ChatGPT vs Google Translate

Cher Hin Chong
3 min readMar 9
Image by Gordon Johnson from Pixabay

Have we ever found ourselves reading something online that is written in, say Spanish, and then need to translate that to English?

Or receiving a WhatsApp message that is in French which we don’t understand and we need to translate it to English? Or an email message that needs to be translated?

We can translate any text from one language to another using Google Translate. It supports more than 100 languages, and can recognize speech as well as images — and even handwritten text.

Google Translate can translate text on the fly while we are online. We can also install the Google Translate app on desktops as well as mobile devices. It is one of the most widely used translation apps.

However, the technology behind Google Translate is such that it mainly translates word for word. In this process, it is not able to recognize the “meaning” of the word within the context of the sentence. This puts the accuracy of its translation into question.

Here comes ChatGPT. This revolutionary deep learning model is able to “meaningfully” translate text because its pre-training process has allowed it to understand better how sentences are constructed in different languages.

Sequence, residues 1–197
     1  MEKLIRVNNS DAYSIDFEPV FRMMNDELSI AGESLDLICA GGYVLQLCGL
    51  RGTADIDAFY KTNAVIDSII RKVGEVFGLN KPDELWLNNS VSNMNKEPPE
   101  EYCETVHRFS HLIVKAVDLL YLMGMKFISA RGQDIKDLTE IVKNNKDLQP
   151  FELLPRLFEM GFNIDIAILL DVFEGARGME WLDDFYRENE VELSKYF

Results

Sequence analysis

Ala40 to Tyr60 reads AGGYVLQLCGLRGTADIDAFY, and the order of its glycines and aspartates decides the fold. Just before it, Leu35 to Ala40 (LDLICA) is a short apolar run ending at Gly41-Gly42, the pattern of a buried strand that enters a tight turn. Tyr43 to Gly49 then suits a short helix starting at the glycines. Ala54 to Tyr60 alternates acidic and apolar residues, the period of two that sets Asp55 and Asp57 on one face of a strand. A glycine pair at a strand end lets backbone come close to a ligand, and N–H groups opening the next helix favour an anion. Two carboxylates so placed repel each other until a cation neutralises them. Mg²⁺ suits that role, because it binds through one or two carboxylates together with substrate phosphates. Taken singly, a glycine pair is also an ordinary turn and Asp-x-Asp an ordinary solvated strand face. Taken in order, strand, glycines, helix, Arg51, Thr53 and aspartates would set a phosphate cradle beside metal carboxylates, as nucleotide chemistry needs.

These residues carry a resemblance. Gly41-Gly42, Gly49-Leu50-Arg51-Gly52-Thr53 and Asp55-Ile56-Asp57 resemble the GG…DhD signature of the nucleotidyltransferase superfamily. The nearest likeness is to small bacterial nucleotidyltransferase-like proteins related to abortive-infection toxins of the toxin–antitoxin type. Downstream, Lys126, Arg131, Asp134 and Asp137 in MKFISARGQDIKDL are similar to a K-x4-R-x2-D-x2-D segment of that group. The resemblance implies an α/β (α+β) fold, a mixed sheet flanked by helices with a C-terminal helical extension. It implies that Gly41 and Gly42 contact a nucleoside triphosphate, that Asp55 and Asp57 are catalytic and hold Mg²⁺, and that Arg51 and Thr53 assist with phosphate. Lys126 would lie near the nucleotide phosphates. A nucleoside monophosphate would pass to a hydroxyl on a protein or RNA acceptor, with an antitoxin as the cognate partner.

ChatGPT, like other machine learning models, produces much more accurate translations based on context and intended meaning. This is the right direction moving forward as Google has also augmented its Google Translate to incorporate some AI-driven features.

As an example, the English language uses idioms frequently to convey intent figuratively. A non-AI powered translation engine will not be able to recognize that the text contains words that don’t literally mean what it says.

Take this idiom:

“Kick the bucket”

The meaning and intent is to die or break down or stop working.

But if taken word for word for its meaning, it is saying to go and physically kick the bucket.

Here is another example:

Son: Dad, I hate Math. I don’t like problem solving.

Dad: Son, your Math exam is tomorrow. Can you just bite the bullet and burn the midnight oil just for one day?

Cher Hin Chong

A software developer who has found the penchant for writing. Without writers, there will be no readers.